Our first rider is Melissa Bayer on her Friesian sport horse gelding, Jisk Like Dad. In the still photo taken last year, Jisk Like Dad is 3 years old. The video was taken more recently, after he turned 4.
When I think of a Friesian, I think black and hair, yet here we have a Friesian sport horse (a Friesian cross) that exhibits neither of these characteristics. Instead, he looks like a long-legged, elegant warmblood except for his feathers and his multicolored tail.
In our still photo, we see a horse that has only recently been started under saddle. Melissa is pictured showing him in a walk–trot test, and she appears to be doing a wonderful job. She is probably posting therefore, her slight inclination forward is acceptable. Her leg position is fine, with nearly a straight line from shoulder/hip/heel. Her hands may be turned over slightly, with her knuckles up, but the connection that she has with her horse’s mouth is exemplary. His neck position seems very comfortable, he is nicely open through the throatlatch and he is happily in front of the vertical.
If we look at the placement of his legs, he does show a bit of a “baby” trot. He’s just learning how to carry a rider, so he’s not yet very strong. His left hind has touched down a little before his right fore, which shows me that he hasn’t yet found a clean two-beat rhythm in this gait. Given the young ages of both the horse and rider, they present a lovely picture, and I am sure they did very well in this walk–trot class.
Six months later, in the video, we see a young horse who is starting to develop physically, as shown by the beginning of muscling up over his topline. All three of his gaits are rhythmically correct, especially the free walk, which shows a good lengthening of frame and stride. Melissa mentioned in her notes that Jisk Like Dad was a bit tense during this ride where she was a demo rider for an “educate your eye” clinic. My guess is that there were a bunch of people sitting just behind the camera position, where we can’t see them but the horse certainly could. That can be a lot for a youngster to deal with, which explains his tight neck and Melissa’s occasional use of the outside direct rein to steer him, especially in the canter. The trot was quite steady. My only correction would be on their trot loop. She rode it, as many mistakenly do, as two straight lines with a sharp turn at X rather than as three shallow loops with changes of bend on the quarterlines. Overall, this pair seems to be well on their way. Usually I don’t encourage a young horse/young rider combination, but these two seem to be progressing nicely together.
Turnout: Melissa and Jisk Like Dad are nicely turned out. Her saddle pad fits her saddle perfectly, and everything that ought to be white is very white. A small detail is that the end of one billet strap has popped out of its keeper.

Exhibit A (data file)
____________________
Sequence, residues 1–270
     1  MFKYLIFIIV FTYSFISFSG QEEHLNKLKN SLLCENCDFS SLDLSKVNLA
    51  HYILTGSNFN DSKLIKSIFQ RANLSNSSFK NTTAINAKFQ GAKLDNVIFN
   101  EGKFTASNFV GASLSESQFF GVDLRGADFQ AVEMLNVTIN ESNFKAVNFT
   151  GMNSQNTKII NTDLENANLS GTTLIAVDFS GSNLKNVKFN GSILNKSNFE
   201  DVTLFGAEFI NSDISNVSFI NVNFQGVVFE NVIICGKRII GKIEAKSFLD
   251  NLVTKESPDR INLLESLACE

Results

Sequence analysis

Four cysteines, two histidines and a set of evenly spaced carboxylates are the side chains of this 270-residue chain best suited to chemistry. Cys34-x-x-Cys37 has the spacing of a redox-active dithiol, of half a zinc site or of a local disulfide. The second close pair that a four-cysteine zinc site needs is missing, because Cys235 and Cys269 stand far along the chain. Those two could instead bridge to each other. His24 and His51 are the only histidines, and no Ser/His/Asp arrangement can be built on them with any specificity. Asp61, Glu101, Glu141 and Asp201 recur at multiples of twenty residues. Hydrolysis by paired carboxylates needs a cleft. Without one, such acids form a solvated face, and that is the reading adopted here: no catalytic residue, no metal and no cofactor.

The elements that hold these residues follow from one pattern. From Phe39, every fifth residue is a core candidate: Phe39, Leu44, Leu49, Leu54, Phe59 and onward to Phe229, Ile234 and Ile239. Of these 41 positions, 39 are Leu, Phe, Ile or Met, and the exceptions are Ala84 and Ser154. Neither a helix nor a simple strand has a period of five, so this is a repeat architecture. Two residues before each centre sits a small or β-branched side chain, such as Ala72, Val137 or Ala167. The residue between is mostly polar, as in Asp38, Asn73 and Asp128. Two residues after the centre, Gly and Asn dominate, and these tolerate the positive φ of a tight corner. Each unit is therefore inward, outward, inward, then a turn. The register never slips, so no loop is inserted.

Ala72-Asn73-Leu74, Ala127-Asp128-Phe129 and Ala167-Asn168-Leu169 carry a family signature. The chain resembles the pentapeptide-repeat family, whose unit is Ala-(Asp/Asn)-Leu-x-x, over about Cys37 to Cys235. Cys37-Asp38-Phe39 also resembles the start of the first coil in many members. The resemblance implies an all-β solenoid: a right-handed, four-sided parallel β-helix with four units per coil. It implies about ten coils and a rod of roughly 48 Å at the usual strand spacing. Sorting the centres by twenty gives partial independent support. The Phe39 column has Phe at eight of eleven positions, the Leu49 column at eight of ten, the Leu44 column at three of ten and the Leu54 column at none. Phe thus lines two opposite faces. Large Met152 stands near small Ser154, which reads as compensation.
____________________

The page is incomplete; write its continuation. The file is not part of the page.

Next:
While many people love feathers, and feathers are a part of the overall Friesian mystique, Jisk Like Dad is bay with white socks and doesn’t look anything like his Friesian papa. Melissa may want to consider whether she wants to keep the feathers on this horse. If she chooses to shave them off, she’ll enhance the elegance of her horse’s long legs and show a cleaner picture. But there’s nothing wrong with keeping them to celebrate his “difference” either.
Axel Steiner critiques your photo and video. He is a Fédération Equestre Internationale (FEI) “O” (now called a 5*) judge, a founding member of the U.S. Dressage Federation (USDF) and a popular teacher and clinician. He attended the Reitinstitut von Neindorff and the national school in Warendorf. In 1961, he immigrated to Texas, joined the U.S. Air Force and taught dressage while competing on the horses of the U.S. Modern Pentathlon Team. In 1968, Steiner received his first judging credentials and his current 5* status (since 1988) is the highest level of international judging. He has officiated at Olympics, World Cup Finals, Pan American Games and many more elite competitions throughout the world. He is a member of the USDF “L” Education Program faculty and a longtime member of the U.S. Equestrian Federation’s Dressage Committee.
Terri Miller critiques the turnout of each horse and rider. She has photographed and painted the equestrian world for more than 30 years, since her days at New York’s School of Visual Arts. Miller’s photos and paintings often appear in and on the cover of a host of magazines, including Dressage Today, and she has been the official photographer for the most prestigious dressage shows in the country. Miller and Steiner have been married since 2000 and live in California near San Diego.